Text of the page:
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When John Lackey heard the news that the Montana Supreme Court ruled to severely restrict sales of medical marijuana, his first thought was, “We’re through.”

“I used to be proud to be a Montanan, but I’m not anymore,” he said. “It’s not a great time for a lot of people in Montana.”

The Feb. 25 decision upheld parts of a 2011 act that limits cannabis providers to three patients, outlaws advertising and enforces physician reviews — effectively sounding the death knell for most of the state’s 471 dispensaries.

The 70-year-old Lackey, an investor for Big Sky Gardens, a dispensary outside of Four Corners, plans to pick up and move to Oregon at the end of the week, with the store soon to follow.

“I have a condition called colitis,” he said. “When it flares up all I can do is lie down, and when I smoke it takes effect immediately. So what am I going to do, take some Vicodin instead?”

Rick Whatman, who started Around the Clock Cannabis on Main Street in Bozeman six years ago, is among those who plans to close his shop.

“I can’t stay in business. I can’t afford it,” he said. “Who can afford to grow for three people and pay their bills? It totally gets rid of having a storefront; you can’t cover your bills with three patients.”

The ruling will affect entrepreneurs, patients and economies alike, local advocates said. Gallatin, Park and Madison counties combined account for a quarter of the state’s medical marijuana patients and nearly a third of its providers.

“Without question, a lot of people are going to lose their jobs,” said Bob Devine, owner of Spark1 in Bozeman. “A lot of people are going to move. If they can’t do it here they are going to move and do it somewhere else.”

As no organization tracks provider revenues or employees, it’s difficult to accurately gauge the full economic impact of the state’s medical cannabis program. But Devine said the court’s decision will put hundreds out of a job.

“This is insane,” he said. “People just can’t believe it.”

Montana medical marijuana map

For years, Linda (who asked the Chronicle conceal her identity for fear of reprisal from an employer) woke to a nurse helping her swallow some of the 60 pills that were supposed to help with the grand mal seizures that crackled through her brain four or five times a day.

She couldn’t drive or hold a job. She couldn’t take any of her six grandchildren to the park or out for ice cream. And the pills didn’t help. Instead, they gave the 58-year-old headaches, liver problems and impaired her coordination. The side effects and seizures were enough to make her consider entering a rest home.

“It was getting to the point where I almost died. I didn’t even know I had children,” she said.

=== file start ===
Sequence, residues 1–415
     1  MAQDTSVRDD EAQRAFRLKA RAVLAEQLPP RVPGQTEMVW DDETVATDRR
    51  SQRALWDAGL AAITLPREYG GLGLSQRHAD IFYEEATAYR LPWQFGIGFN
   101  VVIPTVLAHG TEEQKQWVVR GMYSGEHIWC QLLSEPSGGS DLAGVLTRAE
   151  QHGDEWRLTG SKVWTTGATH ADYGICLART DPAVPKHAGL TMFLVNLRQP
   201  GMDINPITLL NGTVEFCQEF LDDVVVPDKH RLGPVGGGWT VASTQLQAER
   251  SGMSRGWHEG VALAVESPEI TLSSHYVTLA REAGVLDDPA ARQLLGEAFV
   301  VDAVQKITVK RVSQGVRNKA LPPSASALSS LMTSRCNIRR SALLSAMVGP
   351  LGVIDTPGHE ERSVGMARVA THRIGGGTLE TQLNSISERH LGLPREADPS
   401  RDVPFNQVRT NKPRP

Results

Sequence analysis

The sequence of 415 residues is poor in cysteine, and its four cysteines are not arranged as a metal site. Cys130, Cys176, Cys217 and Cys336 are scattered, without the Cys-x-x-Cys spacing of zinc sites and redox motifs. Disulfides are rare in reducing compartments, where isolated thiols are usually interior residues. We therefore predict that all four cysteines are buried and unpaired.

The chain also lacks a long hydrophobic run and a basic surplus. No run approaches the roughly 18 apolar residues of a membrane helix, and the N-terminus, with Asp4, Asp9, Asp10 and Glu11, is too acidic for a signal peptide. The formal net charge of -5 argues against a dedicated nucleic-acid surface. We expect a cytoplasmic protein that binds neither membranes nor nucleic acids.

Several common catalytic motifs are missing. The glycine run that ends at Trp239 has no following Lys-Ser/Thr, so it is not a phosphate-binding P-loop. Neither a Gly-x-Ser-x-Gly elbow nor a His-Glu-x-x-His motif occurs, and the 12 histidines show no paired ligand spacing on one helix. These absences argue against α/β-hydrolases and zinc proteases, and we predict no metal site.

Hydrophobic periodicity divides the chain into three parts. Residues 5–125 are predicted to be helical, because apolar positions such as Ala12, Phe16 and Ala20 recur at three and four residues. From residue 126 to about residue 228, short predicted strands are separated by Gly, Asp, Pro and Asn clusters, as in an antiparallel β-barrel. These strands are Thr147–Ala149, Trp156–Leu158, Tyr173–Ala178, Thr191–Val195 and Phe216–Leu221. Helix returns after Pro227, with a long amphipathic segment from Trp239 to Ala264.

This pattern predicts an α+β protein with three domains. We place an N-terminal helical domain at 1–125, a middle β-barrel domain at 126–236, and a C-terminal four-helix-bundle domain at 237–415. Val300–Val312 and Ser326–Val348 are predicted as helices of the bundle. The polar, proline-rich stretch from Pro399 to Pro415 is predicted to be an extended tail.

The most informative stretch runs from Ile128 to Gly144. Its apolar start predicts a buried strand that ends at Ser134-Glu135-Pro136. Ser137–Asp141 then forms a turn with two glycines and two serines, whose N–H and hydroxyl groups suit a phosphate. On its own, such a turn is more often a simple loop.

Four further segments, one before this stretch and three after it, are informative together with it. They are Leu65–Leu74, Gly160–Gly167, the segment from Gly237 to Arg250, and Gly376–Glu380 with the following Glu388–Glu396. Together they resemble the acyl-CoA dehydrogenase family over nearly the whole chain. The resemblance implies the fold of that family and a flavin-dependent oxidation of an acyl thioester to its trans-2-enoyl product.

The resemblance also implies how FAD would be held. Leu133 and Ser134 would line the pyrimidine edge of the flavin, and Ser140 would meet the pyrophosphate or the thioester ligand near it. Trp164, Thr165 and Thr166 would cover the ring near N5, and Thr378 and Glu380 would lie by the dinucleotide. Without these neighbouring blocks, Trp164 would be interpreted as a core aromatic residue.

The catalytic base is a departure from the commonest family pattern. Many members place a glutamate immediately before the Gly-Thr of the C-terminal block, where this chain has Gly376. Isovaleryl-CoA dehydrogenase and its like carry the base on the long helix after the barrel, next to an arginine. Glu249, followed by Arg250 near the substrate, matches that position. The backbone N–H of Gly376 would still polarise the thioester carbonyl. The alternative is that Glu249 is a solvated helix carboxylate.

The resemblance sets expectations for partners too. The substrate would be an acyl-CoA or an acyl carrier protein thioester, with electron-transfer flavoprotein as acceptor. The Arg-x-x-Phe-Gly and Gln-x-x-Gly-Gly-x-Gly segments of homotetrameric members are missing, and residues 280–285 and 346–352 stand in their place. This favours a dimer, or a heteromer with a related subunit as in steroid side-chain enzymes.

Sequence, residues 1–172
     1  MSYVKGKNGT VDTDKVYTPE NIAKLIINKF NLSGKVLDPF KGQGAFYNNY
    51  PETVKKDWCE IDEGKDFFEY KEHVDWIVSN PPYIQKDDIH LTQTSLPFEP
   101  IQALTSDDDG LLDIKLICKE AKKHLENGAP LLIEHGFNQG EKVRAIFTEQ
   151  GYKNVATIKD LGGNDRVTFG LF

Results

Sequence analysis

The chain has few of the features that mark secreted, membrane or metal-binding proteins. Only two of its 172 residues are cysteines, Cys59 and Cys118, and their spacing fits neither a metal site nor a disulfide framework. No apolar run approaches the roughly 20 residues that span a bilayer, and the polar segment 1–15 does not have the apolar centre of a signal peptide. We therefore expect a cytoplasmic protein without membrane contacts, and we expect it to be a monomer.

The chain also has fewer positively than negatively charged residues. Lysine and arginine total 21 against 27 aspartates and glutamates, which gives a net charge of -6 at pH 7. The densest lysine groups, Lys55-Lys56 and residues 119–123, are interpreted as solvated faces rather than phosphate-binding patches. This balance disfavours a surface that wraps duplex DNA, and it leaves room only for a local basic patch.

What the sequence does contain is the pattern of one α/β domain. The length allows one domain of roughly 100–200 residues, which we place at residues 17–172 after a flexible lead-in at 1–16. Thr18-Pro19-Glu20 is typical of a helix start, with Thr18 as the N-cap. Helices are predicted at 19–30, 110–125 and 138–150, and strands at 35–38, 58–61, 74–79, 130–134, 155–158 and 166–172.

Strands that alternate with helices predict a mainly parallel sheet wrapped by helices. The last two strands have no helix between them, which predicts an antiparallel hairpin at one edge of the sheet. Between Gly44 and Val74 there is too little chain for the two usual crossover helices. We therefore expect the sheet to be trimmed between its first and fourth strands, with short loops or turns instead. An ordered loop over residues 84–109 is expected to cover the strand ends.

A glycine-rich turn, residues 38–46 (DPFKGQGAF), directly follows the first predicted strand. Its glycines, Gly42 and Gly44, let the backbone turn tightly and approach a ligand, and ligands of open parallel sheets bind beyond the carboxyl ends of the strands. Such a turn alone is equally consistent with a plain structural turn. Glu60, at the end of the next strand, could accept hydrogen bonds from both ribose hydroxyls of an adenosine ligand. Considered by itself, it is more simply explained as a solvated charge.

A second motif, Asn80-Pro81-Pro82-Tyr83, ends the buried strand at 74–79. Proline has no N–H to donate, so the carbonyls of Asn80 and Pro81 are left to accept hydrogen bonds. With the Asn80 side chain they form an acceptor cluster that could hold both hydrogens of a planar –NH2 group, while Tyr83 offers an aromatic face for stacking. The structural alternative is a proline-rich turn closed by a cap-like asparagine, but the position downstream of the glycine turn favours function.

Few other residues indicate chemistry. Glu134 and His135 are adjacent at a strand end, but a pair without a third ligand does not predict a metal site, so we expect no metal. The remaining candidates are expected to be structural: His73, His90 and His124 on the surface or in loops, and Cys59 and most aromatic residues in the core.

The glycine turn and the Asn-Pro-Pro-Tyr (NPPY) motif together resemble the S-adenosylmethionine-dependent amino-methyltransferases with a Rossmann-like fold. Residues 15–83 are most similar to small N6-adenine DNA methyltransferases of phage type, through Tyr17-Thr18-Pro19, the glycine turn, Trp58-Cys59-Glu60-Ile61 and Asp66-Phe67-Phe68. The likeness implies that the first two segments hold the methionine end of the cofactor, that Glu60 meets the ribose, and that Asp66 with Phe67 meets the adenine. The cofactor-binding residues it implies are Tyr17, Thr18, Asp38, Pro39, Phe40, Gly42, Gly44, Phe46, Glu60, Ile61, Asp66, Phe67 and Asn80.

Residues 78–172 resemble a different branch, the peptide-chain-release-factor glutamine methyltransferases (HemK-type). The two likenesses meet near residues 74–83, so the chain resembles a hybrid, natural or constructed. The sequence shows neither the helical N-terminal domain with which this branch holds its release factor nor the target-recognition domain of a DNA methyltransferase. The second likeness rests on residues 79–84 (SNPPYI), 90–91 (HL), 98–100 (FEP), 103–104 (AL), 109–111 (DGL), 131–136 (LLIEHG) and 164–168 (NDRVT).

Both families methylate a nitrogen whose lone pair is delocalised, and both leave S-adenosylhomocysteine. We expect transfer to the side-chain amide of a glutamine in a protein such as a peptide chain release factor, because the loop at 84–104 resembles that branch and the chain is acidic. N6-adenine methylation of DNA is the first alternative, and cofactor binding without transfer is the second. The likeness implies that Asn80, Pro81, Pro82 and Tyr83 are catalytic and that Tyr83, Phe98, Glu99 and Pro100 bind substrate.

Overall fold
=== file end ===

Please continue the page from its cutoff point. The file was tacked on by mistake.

Her doctor in Wyoming was the first to mention marijuana as a possible solution, and in 2011 she moved to Montana and obtained a medical card.

“Now my whole life has changed. I’m driving, cooking for myself, I got a job. I couldn’t do any of that on my pills,” she said. “It’s an instant thing. A bite or a smoke of anything and I’m all calmed down. I’ve never been healthier.”

But in light of the recent ruling, her provider informed her that he will likely no longer be able to keep her on as a patient.

“I’m scared. I’m afraid I’ll have to go back on that medication,” she said. “I don’t know what I’m going to do.”

Many providers said that they are more concerned for patients like Linda than the future of their businesses.

“There are over (13,000) patients and 471 providers in Montana, so if every provider kept three patients, there would only be 1,413 people that could get medicine. So now you just took away medicine from over 11,000 people,” said Whatman.

“It’s really opened my eyes to the severity of this for a lot of people,” added Devine. “It’s just not fair to the patients.”

The Montana Cannabis Information Association, the plaintiffs in the Supreme Court case, plans to file a petition for rehearing, which would effectively stall the ruling for at least 30 days. And the organization is already looking ahead to a November ballot initiative.

The MTCIA, which appointed Devine as its new president on Wednesday, partnered with the newly formed Montana Families United and hopes to put the groups’ combined weight behind a new medical initiative.

“We need to be united on this,” said Devine at a town hall-style meeting on Wednesday night that drew more than 150 local cannabis proponents. “Let’s build something we can work toward.”

The organizations are aiming to raise $500,000 and gather 36,000 signatures on their proposal, which would relax restrictions on the state’s medical industry.

“We want to promote the people of Montana to feel empowered and that they have a voice,” said Colleen Mason, an organizer for Families United. “If we do that, I truly believe that the state of Montana will have to take a step back and look at (the issue).”

“We have the same vision that we’ve been working on feverishly: the future. We all deserve a safer system than what we have, and I truly feel like we will be successful with this effort,” Devine added.

But for patients like Linda, a solution can’t come soon enough.

“I just want to live a good life,” she said. “I wish that this would all blow over and be the way it was.”

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Kendall can be reached at lkendall@dailychronicle.com. Kendall is on Twitter at @lewdak

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